Such behavior induced Grotius to write that the raison d'etat was being used as a 'license' to make war by any means. Three years after the peace of Westphalia Hobbes published the Leviathan. Power was still the main piece in statecraft while there were a few that were advocating the honest use of ambassadors like Francios de Callieres, around the 18th century. The unwatched power of Louis XIV was a main justification for including the term 'balance of power' in the Utrecht Treaty. It was a strategy specifically written and understood to promote security in Europe (1714).
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7 of 17 people found the following review helpful By "firstpointofperformance" on January 12, 2001
Format: Paperback
Alexander L. George has built his career around the premise that American policymakers do a poor job managing international affairs and that scholars could help them do better if only (a) policymakers listened to scholars and (b) scholars had anything useful to say. In "Force and Statecraft," George and Craig offer thick, lavish descriptions of various diplomatic crises but very little in the way of either prescriptive or theoretical principles for managing them. In other words, they have little to say, so it's unlikely policymakers will pay much attention to them.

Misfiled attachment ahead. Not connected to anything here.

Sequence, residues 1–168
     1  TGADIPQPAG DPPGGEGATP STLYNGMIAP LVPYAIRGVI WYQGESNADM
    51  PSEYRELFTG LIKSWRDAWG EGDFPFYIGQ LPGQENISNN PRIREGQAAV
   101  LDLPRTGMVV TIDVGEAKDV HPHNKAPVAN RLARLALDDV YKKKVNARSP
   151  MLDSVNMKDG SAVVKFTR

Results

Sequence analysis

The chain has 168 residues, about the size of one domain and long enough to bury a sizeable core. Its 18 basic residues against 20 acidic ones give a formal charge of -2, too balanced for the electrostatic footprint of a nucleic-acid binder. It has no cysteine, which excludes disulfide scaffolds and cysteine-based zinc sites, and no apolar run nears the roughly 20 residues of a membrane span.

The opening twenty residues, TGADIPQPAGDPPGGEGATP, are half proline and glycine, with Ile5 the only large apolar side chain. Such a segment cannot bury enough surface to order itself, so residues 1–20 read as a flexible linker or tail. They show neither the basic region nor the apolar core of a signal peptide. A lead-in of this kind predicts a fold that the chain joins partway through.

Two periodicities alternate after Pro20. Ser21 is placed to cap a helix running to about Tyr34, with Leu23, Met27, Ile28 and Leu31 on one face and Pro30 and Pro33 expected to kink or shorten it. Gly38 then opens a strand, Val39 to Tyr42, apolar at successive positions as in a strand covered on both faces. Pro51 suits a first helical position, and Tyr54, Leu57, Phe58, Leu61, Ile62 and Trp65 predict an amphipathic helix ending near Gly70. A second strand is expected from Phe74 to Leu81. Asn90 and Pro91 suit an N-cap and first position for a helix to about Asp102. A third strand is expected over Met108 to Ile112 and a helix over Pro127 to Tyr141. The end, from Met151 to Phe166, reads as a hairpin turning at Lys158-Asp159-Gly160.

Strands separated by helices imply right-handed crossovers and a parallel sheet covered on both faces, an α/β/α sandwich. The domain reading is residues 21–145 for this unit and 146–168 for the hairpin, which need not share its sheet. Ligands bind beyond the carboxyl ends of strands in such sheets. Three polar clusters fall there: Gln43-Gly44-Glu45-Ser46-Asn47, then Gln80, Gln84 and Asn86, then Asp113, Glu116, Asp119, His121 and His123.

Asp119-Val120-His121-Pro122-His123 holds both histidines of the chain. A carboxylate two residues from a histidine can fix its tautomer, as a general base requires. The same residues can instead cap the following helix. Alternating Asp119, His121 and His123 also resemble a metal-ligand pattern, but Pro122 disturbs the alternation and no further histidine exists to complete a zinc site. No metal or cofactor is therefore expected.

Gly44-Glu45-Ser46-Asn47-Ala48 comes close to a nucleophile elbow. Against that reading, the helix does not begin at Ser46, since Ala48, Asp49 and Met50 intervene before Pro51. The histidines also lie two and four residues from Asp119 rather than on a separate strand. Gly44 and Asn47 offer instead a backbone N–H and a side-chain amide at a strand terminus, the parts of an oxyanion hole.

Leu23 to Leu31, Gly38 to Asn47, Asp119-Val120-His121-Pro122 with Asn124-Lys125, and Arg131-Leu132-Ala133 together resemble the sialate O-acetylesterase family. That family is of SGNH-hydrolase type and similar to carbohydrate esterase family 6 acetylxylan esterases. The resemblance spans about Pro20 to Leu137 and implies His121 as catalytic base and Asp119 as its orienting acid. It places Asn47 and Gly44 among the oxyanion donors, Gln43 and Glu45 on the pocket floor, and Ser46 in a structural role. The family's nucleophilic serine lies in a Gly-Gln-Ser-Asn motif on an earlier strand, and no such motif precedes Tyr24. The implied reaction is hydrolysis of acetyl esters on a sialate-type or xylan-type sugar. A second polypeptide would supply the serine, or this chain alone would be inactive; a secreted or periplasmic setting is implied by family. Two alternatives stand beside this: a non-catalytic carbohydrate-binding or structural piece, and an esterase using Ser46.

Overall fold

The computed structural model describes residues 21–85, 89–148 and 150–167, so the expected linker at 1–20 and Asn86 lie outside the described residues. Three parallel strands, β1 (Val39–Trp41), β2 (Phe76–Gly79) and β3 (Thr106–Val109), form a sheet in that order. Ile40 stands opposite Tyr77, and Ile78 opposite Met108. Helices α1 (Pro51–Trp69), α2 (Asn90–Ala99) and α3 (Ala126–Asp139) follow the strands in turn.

The first half of the book consists of lavish -- almost tedious -- descriptions of various foreign policy realms of the past, with chapters built around a curiously (for George) systemic view of international politics. Though individuals flit in and out of the narrative, the "system" does carry a lot of the variance in this book.
The second half of the book consists of a review of "tools" of statecraft but these, again, lack theoretical rigor or for that matter prescriptive reliability. Instead of variables we get "conditions" for success. Whether or not policymakers are able to discern if these "conditions" obtain is, one supposes, non-random but, if so, George hasn't much to say about this.
Like the tools he promotes, it appears that management of any diplomatic situation is "context-dependent." Readers looking for theories of diplomacy, international politics, or even George's own creation, coercive diplomacy, are likely to be disappointed. But if all you want is a once-around-the-great-power-world recounting of some 19th-20th Century history, you could do worse.